speechwriter to the Catholic Archbishop of Chicago. After serving nine years as an active duty C-130
instructor pilot, he joined the Air Force Reserve, was recalled to active duty in 2003-2005 for Operation
Iraqi Freedom, and recently retired as a Colonel from the Air Staffs Directorate of Strategic Planning.

Andrew Blum, Institute for Peace and Justice, Kroc School of Peace Studies, University of San
Diego

In July 2016, Dr. Andrew Blum became the executive director of the Joan B. Kroc Institute for Peace
and Justice. Blum is an expert in the monitoring and evaluation of peacebuilding and conflict resolution
programming and has deep experience in helping organizations improve their monitoring, evaluation,
and learning strategies. Prior to coming to the University of San Diego, Blum served on the senior
leadership team at the United States Institute of Peace as the vice-president for planning, learning, and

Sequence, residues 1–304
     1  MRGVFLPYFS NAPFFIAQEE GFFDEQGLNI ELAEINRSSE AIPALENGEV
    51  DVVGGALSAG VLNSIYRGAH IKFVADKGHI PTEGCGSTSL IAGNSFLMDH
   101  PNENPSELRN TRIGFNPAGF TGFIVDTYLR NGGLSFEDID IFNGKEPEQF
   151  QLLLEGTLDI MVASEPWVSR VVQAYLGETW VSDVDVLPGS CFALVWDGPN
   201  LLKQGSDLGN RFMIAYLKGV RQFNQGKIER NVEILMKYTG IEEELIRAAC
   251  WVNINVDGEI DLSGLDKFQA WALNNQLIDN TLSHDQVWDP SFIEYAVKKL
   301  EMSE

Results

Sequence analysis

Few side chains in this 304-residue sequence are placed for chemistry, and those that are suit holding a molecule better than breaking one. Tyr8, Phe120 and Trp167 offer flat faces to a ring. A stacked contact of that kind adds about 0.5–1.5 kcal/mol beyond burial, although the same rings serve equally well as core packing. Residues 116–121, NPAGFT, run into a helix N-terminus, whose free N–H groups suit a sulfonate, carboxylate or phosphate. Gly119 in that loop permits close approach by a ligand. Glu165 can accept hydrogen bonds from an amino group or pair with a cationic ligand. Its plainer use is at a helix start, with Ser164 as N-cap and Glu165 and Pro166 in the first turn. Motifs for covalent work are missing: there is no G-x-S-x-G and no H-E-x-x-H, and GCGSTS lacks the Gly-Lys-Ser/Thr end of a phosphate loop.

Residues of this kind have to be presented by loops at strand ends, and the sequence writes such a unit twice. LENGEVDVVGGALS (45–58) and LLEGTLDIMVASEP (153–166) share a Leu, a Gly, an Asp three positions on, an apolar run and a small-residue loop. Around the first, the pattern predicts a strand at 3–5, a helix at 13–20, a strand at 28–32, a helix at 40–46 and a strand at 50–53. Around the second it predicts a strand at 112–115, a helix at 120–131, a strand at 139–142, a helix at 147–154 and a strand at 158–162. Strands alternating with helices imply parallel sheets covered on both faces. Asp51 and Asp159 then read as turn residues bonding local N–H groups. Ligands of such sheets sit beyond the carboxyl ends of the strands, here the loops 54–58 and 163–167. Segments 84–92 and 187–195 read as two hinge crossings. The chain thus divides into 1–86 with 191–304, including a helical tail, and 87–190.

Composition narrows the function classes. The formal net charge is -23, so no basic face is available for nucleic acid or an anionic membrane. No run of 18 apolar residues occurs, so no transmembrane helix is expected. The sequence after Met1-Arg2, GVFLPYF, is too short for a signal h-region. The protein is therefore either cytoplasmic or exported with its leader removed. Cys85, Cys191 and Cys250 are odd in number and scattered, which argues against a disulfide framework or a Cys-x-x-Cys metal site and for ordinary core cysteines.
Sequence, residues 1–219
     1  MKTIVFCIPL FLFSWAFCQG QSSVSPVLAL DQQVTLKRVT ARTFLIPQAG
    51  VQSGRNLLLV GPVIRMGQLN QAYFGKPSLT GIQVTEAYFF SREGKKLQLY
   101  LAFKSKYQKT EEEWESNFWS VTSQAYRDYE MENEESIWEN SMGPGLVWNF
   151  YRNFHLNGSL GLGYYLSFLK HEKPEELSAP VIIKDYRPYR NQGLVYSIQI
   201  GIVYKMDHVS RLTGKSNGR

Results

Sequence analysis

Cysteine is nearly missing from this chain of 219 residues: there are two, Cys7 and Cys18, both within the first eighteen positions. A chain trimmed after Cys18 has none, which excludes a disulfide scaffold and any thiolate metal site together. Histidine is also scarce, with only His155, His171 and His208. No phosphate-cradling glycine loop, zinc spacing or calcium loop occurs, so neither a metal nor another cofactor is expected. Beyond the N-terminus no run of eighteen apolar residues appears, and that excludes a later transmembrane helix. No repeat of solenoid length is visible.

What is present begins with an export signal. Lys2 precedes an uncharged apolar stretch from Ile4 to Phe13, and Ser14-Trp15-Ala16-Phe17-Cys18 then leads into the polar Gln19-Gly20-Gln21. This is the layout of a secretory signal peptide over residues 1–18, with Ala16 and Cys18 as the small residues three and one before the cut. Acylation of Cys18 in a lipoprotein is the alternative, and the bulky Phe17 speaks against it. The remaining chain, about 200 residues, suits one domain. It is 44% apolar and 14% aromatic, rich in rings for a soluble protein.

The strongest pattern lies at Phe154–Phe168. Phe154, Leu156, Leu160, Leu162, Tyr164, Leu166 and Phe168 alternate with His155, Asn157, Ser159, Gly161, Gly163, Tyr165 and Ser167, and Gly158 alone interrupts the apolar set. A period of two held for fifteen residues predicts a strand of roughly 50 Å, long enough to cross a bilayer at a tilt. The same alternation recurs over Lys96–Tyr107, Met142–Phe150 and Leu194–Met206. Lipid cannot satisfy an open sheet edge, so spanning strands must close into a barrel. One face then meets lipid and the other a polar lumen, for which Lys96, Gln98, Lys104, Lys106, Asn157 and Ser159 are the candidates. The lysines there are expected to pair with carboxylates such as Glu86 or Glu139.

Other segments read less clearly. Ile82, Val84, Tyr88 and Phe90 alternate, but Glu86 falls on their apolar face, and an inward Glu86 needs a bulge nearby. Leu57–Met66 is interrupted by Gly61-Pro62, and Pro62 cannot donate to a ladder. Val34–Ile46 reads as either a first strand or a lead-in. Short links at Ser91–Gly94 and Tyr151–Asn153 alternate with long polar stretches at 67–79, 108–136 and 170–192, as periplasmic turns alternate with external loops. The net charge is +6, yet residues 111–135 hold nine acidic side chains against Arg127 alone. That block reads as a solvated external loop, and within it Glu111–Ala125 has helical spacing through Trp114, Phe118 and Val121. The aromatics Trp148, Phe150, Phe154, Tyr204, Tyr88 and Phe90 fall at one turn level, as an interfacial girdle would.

evaluation.

He was appointed to be the USIPs first director of learning and evaluation in February 2012. He joined
USIP in September 2008 as a program officer for the Grant and Fellowship program, in which he
oversaw grantmaking in Nigeria, Sudan, and South Sudan. In 2010, in partnership with the Alliance for
Peacebuilding, Blum designed and launched the Peacebuilding Evaluation Project, an initiative
designed to improve evaluation practice in the peacebuilding field as a whole. In 2016, he led efforts to
establish RESOLVE (Researching Solutions to Violent Extremism), a global network of local
researchers focused on identifying effective strategies to address violent extremism.

Prior to joining USIP, Blum was assistant director of the University of Maryland's Center for